Sunday, June 27, 2010

The discussion Congress should be having: PART 1 Angels, entrepreneurs, and diversification

Why the anemic recovery?

In case you didn’t notice, the US economy isn’t recovering from the recession anywhere near how it should. But, Congress doesn’t seem the least bit concerned. Rather, like the proverbial general, they’re trying to fight the last war. Elsewhere people are focusing on a sense that something’s wrong. Unfortunately, among the general public that may be no more than a fascination with today’s headline.

While our “leadership” is busy trying to find someone to blame, in certain areas people are seriously looking at what’s wrong even if it isn’t pretty and runs counter to popular fiction. To tap in on one very informative discussion, see “Tech IPO's: What TechCrunch & Fred Wilson Are Leaving Out” at Urgent Speed. It will direct you to a number of other relevant postings.

The discussion focuses on the sad state of the IPO market. It references a previous posting (Urgent Speed: Why Ten Million Dollar IPOs Matter: ). What’s unique about the discussion is that it goes beyond the sound bite single-cause-reporting so common in the media. Further, it has the added benefit of making some points that almost everyone else avoids. It lists nine contributing factors:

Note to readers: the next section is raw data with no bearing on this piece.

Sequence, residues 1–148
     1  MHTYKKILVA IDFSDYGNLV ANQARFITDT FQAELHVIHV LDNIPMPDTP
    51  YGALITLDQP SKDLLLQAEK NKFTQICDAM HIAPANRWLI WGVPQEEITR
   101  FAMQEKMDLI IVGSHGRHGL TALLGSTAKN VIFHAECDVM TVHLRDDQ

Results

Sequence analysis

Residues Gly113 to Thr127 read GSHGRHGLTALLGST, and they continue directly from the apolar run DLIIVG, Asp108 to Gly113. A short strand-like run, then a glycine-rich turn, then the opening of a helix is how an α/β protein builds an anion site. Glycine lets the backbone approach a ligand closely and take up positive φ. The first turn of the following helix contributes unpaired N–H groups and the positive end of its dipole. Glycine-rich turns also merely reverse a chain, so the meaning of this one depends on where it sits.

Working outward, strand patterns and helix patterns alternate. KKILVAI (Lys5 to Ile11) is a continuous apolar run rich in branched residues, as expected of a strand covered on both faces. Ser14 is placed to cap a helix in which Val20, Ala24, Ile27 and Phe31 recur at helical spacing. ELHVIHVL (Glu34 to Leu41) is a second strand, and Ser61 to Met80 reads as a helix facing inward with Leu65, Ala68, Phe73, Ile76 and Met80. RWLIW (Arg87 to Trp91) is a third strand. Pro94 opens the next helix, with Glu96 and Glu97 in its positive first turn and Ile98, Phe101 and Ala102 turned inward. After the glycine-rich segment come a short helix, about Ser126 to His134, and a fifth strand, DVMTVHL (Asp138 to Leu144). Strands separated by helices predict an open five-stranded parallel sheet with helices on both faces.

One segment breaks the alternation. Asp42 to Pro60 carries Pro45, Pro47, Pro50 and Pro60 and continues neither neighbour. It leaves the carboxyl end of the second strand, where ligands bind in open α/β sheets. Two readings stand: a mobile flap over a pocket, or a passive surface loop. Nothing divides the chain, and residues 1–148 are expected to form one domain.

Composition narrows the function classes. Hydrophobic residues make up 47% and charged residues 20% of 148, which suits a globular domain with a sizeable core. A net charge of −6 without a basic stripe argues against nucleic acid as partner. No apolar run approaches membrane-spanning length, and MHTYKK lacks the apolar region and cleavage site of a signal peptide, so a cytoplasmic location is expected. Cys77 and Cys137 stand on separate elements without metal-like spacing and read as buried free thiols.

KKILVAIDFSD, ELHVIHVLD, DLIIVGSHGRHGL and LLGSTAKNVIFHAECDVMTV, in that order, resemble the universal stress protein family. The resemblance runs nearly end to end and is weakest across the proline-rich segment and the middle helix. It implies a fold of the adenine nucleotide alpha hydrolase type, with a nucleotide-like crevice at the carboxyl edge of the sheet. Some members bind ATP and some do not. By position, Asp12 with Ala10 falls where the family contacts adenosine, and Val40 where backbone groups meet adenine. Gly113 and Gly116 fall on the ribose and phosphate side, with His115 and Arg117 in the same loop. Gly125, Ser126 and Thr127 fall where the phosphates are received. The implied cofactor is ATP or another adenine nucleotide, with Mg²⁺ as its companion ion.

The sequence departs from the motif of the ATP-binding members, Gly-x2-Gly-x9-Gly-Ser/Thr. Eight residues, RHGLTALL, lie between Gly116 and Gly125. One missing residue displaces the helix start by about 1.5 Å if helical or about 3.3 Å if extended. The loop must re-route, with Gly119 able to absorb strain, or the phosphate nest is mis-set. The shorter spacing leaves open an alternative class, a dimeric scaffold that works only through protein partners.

1. Death of the mid-market investment firms
2. Decimalization.
3. Rise of the Internet Brokerages
4. Growth of Prop Trading.
5. End of Equity Research.
6. Increased Litigation Risk
7. The Internationalization of Wealth.
8. Larger Global Funds.
9. Increased Regulatory Expense including Sarbanes-Oxley.

Too many people are inclined to make a global judgment about whether each point is and/or was desirable. They then put on blinders and refused to objectively assess ALL the consequences of the phenomena being discussed. They thereby relegate themselves to the status of useless advocates rather than constructive analysts.

Unexpected consequences are fairly common. What’s tragic about them is the conceit of our “leadership” that turns unintended consequences into unacknowledged consequences. It seems that acknowledging any unexpected consequences would call their omnipotent prescience into question. Their egos just can’t take it.

Interestingly, this weekend an article in the WALL STREET JOURNAL, “The Demise of the IPO—and Ideas on How to Revive It,” addressed the IPO issue. Although not directly citing the factors listed by Urgent Speed, the article acknowledged some of them by implication. As an example, it didn’t reference decimalization, rather it referenced a proposal for 10 cent trading increments. The article is worth reading. It can be found at: How to Fix the IPO Market -

The Hedged Economist’s April 9th posting, The Hedged Economist: Angels, entrepreneurs, and diversification: PART 1, pointed out one aspect of our “leadership’s” contribution to a hostile environment for new ventures. But, the truth is the problem is deeply rooted in how we choose our leaders. It we don’t ask for evidence that they care about business, we shouldn’t be surprised if they don’t care. Even those who think everyone should work for government should insist that their leader at least understand business.